Tuesday, December 06, 2016

An ancient magisterium?

The interpretation of the biblical text appears in any case to be directed or stimulated by exegetical problems arising from the received biblical text itself. These problems are solved by reference to contemporary history, which is the situation of the Qumran community, in accordance with the hermeneutical rule of the “Teacher of Righteousness” that determines to which time and to whom the predictions of the biblical prophets relate.—The Prophets of Israel, page 104

<idle musing>
Of course, we all have our own "magisterium." We just don't often acknowledge it, do we? We always are interpreting things from our own context. Usually we don't even realize it, it's that subconscious. I just finished a book entitled Thinking, Fast and Slow (watch for excerpts soon) that discusses the role of the subconscious in our day-to-day functioning.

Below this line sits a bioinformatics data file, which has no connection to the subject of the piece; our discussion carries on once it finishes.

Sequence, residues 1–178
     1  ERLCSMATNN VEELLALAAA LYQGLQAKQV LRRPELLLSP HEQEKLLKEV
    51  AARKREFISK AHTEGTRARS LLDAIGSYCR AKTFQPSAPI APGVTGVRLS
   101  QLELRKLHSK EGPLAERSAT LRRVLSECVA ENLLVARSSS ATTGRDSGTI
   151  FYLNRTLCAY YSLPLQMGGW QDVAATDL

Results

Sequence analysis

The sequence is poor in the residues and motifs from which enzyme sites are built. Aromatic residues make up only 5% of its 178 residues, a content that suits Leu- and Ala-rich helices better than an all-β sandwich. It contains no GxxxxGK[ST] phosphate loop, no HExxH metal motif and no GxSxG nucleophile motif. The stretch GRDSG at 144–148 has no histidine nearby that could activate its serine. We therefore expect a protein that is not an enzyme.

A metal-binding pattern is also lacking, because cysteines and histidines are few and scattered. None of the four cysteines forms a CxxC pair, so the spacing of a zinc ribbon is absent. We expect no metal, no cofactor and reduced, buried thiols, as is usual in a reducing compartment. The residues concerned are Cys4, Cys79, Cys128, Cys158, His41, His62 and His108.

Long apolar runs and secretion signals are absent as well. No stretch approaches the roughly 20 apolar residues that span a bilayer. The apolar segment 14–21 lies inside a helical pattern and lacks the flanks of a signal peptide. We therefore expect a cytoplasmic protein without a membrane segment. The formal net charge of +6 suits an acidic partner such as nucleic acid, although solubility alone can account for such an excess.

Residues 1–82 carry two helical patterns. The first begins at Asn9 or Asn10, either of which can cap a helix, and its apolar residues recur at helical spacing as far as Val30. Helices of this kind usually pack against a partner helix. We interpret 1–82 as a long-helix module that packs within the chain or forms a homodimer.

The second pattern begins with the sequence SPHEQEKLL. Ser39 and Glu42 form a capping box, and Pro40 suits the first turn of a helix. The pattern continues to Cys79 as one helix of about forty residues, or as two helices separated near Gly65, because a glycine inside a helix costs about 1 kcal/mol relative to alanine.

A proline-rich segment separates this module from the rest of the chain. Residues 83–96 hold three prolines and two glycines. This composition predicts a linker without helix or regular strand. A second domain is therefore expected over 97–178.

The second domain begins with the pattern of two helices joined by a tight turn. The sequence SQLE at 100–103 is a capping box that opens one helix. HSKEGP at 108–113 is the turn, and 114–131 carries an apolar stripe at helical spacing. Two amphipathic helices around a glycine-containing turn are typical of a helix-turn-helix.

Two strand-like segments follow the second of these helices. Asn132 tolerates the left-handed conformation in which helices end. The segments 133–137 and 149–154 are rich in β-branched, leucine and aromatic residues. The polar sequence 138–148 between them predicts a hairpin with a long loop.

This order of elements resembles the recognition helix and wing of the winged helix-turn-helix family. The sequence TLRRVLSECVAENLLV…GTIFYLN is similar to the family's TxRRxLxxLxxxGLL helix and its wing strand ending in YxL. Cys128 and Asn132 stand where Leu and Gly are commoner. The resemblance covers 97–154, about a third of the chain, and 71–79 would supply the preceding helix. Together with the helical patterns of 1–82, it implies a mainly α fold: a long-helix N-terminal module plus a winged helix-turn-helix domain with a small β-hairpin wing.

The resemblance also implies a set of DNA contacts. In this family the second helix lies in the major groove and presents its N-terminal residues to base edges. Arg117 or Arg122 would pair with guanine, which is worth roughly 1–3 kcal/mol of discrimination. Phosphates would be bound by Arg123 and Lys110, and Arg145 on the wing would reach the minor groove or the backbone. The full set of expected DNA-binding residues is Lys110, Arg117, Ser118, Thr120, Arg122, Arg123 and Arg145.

The fully rational human is an illusion. To realize we can never step fully outside ourselves is what Postmodernism is supposed to have taught us—despite what other side effects it might have had : ) The problem is we didn't learn it. I guess that's one more reason we need the "hound of heaven," the Holy Spirit, to break through our subconscious walls and show us who we are and what we can be in Christ. Now there's a phrase that is loaded with meaning, "in Christ."
</idle musing>

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